Writing Fight Scenes

Fight scenes are amongst the hardest types of scenes to write. You have to get across the nature of the actions to your reader, but you need to avoid boring them. At the same time as keeping your detail vague enough to keep pacing up, you need to be including enough detail to express how brutal the fight is and the impact it’s having on your character.

The purpose of this post will be to equip you with points to keep in mind when writing your next fight scene. But first, we’ll be going into what your fight scene should contain in relation to your characters and their skills.


Know your characters

Firstly, you need to establish who will be fighting in your scene, and how skilled they are. An amateur scuffle between a couple of drunkards will look completely different to an acrobat fight between two Krav Maga experts. Consider these scenarios:

  • Two drunkards getting into a brawl in a bar.

  • Two kung-fu masters facing off in a dojo.

  • A secret agent facing off with an enemy henchman.

These are all plausible scenes you may find yourself writing, but, as you can imagine, they would all play out entirely differently—details of which we’ll get into later. And on that note...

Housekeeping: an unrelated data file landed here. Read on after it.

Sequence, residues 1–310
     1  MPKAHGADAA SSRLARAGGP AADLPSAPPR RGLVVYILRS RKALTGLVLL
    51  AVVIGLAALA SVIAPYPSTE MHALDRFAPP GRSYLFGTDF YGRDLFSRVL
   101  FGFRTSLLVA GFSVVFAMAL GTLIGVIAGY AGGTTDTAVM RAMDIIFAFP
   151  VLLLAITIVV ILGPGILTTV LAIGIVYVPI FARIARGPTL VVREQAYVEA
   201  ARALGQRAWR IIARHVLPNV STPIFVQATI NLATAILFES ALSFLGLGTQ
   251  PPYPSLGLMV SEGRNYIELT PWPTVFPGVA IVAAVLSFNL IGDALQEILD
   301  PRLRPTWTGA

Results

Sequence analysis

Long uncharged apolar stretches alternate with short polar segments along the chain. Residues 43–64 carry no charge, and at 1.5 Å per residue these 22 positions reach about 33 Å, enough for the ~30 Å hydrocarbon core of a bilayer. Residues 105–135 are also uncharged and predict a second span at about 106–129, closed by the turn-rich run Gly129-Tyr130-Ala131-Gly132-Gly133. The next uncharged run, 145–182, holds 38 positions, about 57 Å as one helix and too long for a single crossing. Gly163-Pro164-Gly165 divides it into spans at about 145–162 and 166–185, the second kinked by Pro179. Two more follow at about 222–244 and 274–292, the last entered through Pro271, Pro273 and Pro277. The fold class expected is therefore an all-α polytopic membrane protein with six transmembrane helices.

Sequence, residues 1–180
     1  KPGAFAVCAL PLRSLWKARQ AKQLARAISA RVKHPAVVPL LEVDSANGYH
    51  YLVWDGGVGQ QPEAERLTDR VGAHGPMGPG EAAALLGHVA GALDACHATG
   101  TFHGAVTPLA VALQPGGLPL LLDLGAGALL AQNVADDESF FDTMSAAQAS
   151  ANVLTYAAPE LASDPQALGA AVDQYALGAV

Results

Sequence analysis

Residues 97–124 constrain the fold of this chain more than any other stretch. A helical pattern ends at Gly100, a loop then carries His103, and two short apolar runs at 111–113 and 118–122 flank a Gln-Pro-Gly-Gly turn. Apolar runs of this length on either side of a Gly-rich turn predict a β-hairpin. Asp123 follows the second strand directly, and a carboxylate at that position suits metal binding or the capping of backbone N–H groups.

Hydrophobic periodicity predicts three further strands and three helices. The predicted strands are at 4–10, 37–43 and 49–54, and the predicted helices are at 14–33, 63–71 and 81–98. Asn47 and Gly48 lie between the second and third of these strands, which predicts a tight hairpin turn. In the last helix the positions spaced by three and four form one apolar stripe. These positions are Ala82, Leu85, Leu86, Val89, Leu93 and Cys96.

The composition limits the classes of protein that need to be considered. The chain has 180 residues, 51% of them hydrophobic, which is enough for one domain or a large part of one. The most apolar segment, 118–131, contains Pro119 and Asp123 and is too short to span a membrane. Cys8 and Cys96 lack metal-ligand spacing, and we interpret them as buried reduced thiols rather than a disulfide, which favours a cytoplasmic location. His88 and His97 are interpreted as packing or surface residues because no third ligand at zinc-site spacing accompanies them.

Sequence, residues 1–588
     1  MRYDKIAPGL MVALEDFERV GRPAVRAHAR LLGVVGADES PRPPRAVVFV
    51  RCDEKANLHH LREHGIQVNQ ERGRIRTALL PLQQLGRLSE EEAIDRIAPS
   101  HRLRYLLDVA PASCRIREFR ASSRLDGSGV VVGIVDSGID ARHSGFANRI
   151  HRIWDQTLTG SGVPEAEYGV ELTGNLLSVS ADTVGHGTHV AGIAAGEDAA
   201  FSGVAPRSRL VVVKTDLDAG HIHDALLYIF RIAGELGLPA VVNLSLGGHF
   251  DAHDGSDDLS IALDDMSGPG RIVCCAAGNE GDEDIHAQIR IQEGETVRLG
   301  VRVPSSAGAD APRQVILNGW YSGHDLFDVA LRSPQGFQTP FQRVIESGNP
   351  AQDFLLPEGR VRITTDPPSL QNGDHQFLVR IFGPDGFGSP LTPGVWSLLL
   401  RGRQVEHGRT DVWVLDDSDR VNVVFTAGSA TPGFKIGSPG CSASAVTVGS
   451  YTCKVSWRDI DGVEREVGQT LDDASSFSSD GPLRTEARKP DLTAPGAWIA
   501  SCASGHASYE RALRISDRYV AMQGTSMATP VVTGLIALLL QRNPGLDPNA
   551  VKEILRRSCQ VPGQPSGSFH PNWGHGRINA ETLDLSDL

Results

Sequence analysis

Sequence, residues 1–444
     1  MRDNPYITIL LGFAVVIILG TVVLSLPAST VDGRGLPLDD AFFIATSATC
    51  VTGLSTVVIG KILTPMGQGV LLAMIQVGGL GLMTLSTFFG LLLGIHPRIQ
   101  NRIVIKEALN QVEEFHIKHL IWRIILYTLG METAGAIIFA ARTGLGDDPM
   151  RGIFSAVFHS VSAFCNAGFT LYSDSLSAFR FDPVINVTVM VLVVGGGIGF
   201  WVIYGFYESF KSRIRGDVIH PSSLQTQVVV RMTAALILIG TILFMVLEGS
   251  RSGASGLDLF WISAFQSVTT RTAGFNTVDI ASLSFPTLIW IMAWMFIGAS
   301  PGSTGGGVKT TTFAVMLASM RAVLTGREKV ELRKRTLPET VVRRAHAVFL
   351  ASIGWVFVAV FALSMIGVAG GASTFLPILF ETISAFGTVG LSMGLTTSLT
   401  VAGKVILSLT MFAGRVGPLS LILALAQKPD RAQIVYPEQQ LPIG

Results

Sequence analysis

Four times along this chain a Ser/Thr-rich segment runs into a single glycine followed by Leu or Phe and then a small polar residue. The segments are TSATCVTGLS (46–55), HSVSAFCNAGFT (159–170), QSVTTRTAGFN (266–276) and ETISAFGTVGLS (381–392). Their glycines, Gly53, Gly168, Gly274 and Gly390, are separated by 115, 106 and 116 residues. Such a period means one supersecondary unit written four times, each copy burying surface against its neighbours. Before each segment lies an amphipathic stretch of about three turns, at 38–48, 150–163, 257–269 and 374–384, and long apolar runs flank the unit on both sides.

Fight, Flight, or Freeze.

This is another aspect of your character that you must keep in mind. Not all characters will react to confrontation in the same way, and the way your scenes pans out can affect things further.

Let’s say your character prefers to flee (flight); if confronted by an aggressor, their first reaction will be to look for an escape. If they can run, great! But what if they can’t? If they’re stuck, they’ll more than likely dodge their assailant’s attacks whenever they come, throw things to keep them away, or try to push them over, all the while keeping an eye out for an escape.

How about if your character freezes? This type of person may curl into a ball when confronted, perhaps surrendering immediately and begging for their life. This character will lose the fight pretty quickly and will probably need to be saved by another.

And if your character is a fighter? They’ll not hesitate to get stuck into the scrimmage.

So what does the fighting look like?

For a WIP of mine, I specifically mention that my character is being trained in Krav Maga—this is due to her trainer being ex-CIA (Krav Maga is the chosen combat style of government agencies). As an author, I didn’t know the slightest about Krav Maga, so what did I do? I looked up beginner tutorials on YouTube. I learned how experts stand, their fighting philosophy, how they move, and the terminology of certain moves.

While you don’t need to be extraordinarily detailed when it comes to writing your scenes, doing some research will help you keep things authentic. Here are some basics for you to keep in mind when it comes to certain fighting styles...

Amateur (no training)